Your guide to weight loss surgery and health insurance

Chris Stanley

Chris Stanley

Updated 31/01/2024

Weight loss surgery, also known as bariatric surgery, can help people who are overweight lead a healthier life. It’s not always covered by Medicare.

Your guide to weight loss surgery and health insurance

Health insurance for weight loss surgery

Find The Best Health Insurance For Weight Loss Surgery

Key Points

  • Weight loss surgery can set you back close to $20,000 if you don’t have private cover.

  • There are less invasive weight loss alternatives to discuss with your doctor.

  • Medicare only covers weight loss surgery if you fulfil specific criteria.

  • Most health funds offer cover for medically necessary weight loss surgery as part of gold tier cover.

Obesity can become a multifaceted, long-standing medical issue. While genetics play a role, the rise in body weight among both adults and children over the last two decades can be primarily attributed to decreased physical activity and shifts in dietary habits brought about by changes in food preparation and consumption patterns.

Considering weight loss surgery isn’t a decision that’s made lightly. If you feel like you’ve exhausted all of your options, it’s important to know the costs and risks associated with this type of surgery.

Weight loss surgery isn’t always covered by Medicare, so this guide takes you through the ins and outs of health insurance for weight loss surgery.


Am I eligible for weight loss surgery?

In order to qualify for weight loss surgery covered by Medicare and private health insurance, patients must meet specific medical requirements.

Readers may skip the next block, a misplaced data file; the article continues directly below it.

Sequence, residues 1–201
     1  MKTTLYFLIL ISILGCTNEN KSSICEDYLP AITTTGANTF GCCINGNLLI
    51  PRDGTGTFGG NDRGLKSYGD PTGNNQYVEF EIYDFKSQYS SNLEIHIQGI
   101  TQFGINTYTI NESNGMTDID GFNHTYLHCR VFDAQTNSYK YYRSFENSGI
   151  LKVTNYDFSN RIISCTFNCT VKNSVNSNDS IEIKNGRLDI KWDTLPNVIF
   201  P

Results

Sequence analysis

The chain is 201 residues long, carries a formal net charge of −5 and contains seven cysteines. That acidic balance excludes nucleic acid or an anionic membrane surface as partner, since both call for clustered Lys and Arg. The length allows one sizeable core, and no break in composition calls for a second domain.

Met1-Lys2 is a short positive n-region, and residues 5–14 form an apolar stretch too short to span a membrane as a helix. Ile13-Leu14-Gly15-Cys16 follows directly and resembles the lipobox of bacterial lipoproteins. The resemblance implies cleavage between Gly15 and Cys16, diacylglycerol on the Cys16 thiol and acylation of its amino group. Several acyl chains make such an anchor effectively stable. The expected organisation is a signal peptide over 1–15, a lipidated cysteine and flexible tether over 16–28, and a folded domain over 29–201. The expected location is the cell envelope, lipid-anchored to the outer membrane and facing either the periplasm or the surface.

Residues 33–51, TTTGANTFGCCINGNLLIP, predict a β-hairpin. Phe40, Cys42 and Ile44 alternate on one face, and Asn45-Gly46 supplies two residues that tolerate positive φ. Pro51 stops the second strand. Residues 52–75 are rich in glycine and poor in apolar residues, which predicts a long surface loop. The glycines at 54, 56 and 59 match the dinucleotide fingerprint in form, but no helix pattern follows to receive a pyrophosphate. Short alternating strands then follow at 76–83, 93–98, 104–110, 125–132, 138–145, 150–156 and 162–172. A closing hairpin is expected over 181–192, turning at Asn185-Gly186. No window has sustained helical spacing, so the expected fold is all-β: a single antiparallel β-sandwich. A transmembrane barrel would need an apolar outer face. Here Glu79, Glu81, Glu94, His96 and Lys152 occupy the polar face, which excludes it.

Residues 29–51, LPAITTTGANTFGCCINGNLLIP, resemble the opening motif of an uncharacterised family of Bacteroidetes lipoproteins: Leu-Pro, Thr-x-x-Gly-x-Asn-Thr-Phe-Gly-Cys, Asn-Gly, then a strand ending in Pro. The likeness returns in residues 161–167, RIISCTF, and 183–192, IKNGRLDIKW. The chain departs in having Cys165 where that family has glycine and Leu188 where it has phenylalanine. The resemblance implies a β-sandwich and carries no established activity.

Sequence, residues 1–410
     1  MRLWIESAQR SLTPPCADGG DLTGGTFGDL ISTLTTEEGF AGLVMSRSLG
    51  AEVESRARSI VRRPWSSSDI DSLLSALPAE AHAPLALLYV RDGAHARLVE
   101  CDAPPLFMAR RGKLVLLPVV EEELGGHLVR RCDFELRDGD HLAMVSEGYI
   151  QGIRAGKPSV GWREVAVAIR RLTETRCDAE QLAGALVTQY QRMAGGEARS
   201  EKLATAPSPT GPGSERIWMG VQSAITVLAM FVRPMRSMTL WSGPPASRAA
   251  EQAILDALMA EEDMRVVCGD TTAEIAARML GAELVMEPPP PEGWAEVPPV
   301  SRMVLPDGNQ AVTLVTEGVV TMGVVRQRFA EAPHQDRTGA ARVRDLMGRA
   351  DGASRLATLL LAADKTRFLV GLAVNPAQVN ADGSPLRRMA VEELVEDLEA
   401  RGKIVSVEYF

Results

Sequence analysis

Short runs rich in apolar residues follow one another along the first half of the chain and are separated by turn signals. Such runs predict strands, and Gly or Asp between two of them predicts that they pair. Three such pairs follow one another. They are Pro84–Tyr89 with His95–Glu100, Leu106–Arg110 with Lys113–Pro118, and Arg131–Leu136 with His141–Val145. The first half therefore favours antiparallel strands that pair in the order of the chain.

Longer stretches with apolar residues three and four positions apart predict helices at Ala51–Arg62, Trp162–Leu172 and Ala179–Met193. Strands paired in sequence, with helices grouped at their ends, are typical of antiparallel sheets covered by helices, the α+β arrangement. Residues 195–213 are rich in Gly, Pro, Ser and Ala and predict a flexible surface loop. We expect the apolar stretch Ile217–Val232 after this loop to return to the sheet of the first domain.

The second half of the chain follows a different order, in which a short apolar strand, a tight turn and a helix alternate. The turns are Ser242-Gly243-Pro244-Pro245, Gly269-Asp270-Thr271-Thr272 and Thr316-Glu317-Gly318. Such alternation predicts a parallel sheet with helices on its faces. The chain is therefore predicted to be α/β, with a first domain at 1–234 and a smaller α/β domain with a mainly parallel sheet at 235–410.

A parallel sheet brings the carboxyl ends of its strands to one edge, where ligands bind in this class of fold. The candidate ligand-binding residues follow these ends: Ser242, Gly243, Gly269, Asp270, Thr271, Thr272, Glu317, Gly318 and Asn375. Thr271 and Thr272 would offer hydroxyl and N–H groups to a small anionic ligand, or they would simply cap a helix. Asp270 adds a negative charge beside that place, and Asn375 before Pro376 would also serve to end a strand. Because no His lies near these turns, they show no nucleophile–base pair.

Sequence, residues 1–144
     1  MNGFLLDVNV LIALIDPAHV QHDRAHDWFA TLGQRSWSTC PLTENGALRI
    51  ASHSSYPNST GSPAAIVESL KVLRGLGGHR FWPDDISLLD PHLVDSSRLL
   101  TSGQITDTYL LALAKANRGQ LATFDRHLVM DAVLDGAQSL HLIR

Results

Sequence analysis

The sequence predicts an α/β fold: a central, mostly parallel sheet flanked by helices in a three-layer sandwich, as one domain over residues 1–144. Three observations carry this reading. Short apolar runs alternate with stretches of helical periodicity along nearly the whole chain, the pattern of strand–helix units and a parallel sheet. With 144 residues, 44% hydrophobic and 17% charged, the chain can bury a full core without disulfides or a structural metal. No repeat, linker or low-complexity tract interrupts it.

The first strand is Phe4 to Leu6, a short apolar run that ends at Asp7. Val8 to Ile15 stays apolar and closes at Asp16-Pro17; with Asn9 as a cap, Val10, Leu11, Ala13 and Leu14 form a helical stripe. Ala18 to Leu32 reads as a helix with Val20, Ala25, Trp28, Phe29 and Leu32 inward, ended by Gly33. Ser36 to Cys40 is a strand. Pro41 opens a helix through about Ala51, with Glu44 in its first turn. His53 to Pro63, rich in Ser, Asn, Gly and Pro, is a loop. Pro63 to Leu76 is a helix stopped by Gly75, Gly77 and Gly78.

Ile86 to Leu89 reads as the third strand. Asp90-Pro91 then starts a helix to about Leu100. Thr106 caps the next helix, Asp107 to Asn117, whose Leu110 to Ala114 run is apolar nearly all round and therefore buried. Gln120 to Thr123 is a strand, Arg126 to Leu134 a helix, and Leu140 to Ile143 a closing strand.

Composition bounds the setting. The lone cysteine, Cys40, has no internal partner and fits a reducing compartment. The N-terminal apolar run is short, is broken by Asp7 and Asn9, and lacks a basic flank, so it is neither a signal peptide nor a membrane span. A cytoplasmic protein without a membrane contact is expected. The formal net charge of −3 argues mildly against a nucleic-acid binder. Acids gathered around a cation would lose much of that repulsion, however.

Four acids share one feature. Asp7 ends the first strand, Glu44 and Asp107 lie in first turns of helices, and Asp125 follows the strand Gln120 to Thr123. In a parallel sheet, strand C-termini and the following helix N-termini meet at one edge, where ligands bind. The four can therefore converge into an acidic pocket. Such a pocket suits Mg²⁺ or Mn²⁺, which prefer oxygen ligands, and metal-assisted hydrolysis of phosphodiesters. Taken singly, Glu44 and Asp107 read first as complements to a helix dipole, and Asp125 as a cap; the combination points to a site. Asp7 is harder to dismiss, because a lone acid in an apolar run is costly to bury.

Does Body Mass Index (BMI) play a role?

Your Body-Mass Index (BMI) assesses your body composition based on your height and weight measurements. As stated in the Medicare MBS guidelines, clinically severe obesity is generally characterised by a BMI of 40 or higher, or a BMI of 35 or higher in combination with other significant medical co-morbidities or obesity-related diseases, such as diabetes. Obesity-related conditions can include:

  • Cardiac ailments

  • Excess weight

  • Respiratory conditions like asthma

  • Sleep apnea

  • Osteoarthritis 

BMI values may vary among different population groups due to variations in body proportions, which can impact your percent of body fat distribution. Consequently, diverse ethnic groups may face significant health risks even at a BMI below the 35-40 range specified in the definition. According to the MBS, the decision to proceed with obesity surgery is ultimately based on the clinical judgement of the surgeon.

What types of weight loss procedures are available in Australia?  

In Australia, there are four primary types of weight loss surgeries available. These procedures are commonly performed in the country and, when medically necessary,  can be covered by appropriate private hospital insurance. Let's take a closer look at each of them:

  1. Gastric Sleeve Surgery (Sleeve Gastrectomy): This surgery involves the removal of a significant portion (around 70% to 80%) of the stomach. By transforming the stomach from a large bag into a small tube, it enforces lifelong control over food volume. After the surgery, patients physically cannot consume more than what the remaining tube can hold. It's important to note that this procedure is irreversible.

  2. Lap Band Surgery (Gastric Banding): With this procedure, a silicone band is utilized to restrict a section of the stomach, making it much smaller. Unlike gastric sleeve surgery, the stomach remains intact and functional, making the procedure reversible. The reduced-size stomach pouch limits the amount of food that can be consumed.

  3. Roux-en-Y Gastric Bypass (Gastric Bypass Surgery): This surgery involves the creation of a small pouch at the top of the stomach, which is then connected to a loop of the small bowel. The remaining part of the stomach is disconnected from the intestines but remains inside the body. Gastric bypass surgery is commonly recommended for individuals with a BMI over 50, those with type 2 diabetes, and those who experience gastric reflux.